Field to Fork is an improbable kind of place that contains something for literally everyone—it’s a restaurant, cafe, butcher shop, bakery, deli, juice bar and grocery all at once, serving up hearty dishes like a charred BLT salad, grassfed Black Angus burgers, a chicken biscuit, and vegetarian options like three variations of the trendy bowl meal. The Asian version has brown rice, quinoa, roasted black beans, Thai-marinated soy curls, kimchi, kelp noodles, grilled bok choy, and a creamy cashew Korean hot sauce. The list of local vendors so long it would be easier to name whatever isn’t local or artisan. Highlights: Jerry Lenz Farm beef, Saxon Homestead Creamery cheeses, Rushing Waters fish, Willow Creek Farms pork, Yuppie Hill eggs and much more.

511 S. 8th St., Sheboygan
920-694-0322
www.fieldtoforkcafe.com

Honeypie Cafe

Honeypie is a torch bearer for the kind of stick-to-your-ribs, Midwestern-inspired scratch cooking that Milwaukeeans dearly love. It serves what Mom would make if she sourced countless super-high-quality local ingredients: house-cut fries topped with shredded BBQ pork, cheese sauce, pickled jalapenos, green onions and bacon; a Cornish pasty of the day; a lambwich with fontina, greens and red pepper-oregano oil on focaccia. Much of Honeypie’s sourcing is done through Braise RSA: beef from Big Ney’s Ranch, seasonal produce from Milaeger’s, Springdale, Turtle Creek, High Cross, Tipi and Bowers, and much more.

Honeypie also works directly with other vendors, like Centgraf Farms, from which it gets produce featured in a rotational “Farmhouse Trio” of soup, salad and starch. Other local connections include a custom blend coffee from Anodyne, tea from Rishi and bread from Breadsmith. Honeypie’s side business is sending piegrams, and its blackbottom banana cream was recently named one of the best pies in America by Time Out.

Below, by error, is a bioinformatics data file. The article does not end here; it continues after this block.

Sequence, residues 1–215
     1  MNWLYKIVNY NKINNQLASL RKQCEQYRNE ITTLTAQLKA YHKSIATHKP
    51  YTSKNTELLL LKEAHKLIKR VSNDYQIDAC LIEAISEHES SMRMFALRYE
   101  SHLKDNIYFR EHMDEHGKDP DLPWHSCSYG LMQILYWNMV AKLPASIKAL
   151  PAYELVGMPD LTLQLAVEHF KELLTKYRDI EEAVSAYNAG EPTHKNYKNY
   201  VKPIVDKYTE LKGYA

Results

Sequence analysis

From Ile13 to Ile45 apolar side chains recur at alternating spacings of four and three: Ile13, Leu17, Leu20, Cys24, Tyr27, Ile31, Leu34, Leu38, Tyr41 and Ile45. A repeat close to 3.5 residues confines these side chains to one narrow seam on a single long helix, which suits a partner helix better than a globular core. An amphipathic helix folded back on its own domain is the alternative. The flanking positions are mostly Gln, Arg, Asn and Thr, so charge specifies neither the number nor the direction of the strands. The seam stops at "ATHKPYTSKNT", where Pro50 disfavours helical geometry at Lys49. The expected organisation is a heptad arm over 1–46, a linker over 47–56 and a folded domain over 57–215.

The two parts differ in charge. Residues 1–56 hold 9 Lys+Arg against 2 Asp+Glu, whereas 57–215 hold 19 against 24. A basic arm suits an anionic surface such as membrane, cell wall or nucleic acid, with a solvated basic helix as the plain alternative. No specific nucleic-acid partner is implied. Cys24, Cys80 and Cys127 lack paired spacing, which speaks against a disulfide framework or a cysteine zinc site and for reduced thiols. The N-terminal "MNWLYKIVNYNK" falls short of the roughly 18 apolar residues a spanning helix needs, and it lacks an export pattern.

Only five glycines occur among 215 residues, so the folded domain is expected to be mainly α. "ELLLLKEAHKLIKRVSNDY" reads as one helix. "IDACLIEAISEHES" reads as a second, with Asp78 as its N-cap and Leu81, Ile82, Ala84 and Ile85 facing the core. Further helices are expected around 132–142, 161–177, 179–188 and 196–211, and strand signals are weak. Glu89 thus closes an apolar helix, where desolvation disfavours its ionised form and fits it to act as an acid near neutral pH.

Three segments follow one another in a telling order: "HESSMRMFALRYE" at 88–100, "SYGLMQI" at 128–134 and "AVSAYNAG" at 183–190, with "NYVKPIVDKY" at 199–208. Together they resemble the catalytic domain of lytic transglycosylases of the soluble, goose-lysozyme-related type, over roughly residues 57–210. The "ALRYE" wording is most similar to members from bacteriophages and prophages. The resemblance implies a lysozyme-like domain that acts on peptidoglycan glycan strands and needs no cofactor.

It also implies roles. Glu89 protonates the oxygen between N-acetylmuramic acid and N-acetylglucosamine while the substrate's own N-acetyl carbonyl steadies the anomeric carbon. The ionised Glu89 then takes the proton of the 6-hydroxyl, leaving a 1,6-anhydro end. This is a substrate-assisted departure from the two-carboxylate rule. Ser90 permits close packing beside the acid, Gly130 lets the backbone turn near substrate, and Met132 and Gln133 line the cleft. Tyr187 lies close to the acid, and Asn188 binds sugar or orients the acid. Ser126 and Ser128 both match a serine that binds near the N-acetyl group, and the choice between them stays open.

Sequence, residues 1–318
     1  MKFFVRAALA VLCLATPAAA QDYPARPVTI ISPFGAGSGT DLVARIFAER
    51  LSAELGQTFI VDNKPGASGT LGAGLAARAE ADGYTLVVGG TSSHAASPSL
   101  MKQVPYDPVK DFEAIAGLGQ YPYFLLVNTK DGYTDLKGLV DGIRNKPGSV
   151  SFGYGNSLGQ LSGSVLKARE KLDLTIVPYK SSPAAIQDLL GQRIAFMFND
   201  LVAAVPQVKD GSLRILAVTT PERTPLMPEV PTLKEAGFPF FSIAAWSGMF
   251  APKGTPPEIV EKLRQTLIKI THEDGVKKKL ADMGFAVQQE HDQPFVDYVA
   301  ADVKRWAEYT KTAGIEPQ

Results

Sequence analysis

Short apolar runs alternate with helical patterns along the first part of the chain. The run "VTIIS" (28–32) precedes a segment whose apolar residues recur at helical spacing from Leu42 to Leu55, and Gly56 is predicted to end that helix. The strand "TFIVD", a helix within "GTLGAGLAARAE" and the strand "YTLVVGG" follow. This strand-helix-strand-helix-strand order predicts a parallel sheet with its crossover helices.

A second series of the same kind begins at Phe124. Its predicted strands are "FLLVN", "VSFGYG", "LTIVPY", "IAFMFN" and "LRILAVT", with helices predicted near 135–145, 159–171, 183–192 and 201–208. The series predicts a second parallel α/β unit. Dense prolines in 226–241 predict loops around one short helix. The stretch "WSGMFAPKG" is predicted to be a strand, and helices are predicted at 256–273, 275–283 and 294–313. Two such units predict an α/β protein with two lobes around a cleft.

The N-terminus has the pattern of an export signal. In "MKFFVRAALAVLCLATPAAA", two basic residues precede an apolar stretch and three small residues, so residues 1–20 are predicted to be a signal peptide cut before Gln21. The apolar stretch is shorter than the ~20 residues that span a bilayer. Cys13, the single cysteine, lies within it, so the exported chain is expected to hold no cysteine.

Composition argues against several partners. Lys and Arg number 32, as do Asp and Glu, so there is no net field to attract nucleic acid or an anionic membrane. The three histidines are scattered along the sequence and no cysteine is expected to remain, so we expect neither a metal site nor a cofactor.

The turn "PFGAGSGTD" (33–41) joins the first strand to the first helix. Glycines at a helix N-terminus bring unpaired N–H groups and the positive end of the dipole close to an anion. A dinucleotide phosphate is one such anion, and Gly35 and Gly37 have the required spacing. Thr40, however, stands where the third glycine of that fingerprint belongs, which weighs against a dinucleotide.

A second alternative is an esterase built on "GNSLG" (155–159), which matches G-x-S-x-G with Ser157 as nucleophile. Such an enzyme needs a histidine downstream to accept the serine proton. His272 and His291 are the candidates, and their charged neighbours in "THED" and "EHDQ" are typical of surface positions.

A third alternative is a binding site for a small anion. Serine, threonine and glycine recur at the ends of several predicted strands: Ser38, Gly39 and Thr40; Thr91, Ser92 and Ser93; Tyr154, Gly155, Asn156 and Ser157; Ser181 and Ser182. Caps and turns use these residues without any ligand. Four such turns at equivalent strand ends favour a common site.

2643 S. Kinnickinnic Ave., Bay View
414-489-7437
www.honeypiecafe.com

Iron Grate BBQ

Chef/owner Aaron Patin, an integral part of the success of the East Side’s James Beard Award-winning fine dining restaurant Ardent, struck out on his own to open Iron Grate BBQ, a stripped-down “meat-and-three”- style joint. The meaty, where-have-you-beenall-my-life Milwaukee rib, a spare rib with the belly attached, is custom-cut by Franklin Meats in Franklin. The Angus beef brisket comes from Pritzlaff Brothers Meats in New Berlin and hot links are made by Gahn Meat Co. in Milwaukee. Even the oak and cherry wood fed into smokers Edna and Roxanne is local, and helps flavor sides including smoky grits, baked beans, smoked tomato mac ‘n cheese, smothered greens and coleslaw. Iron Grate shares a space with Hawthorne Coffee and is only open Friday-Sunday from 11 a.m.–7 p.m.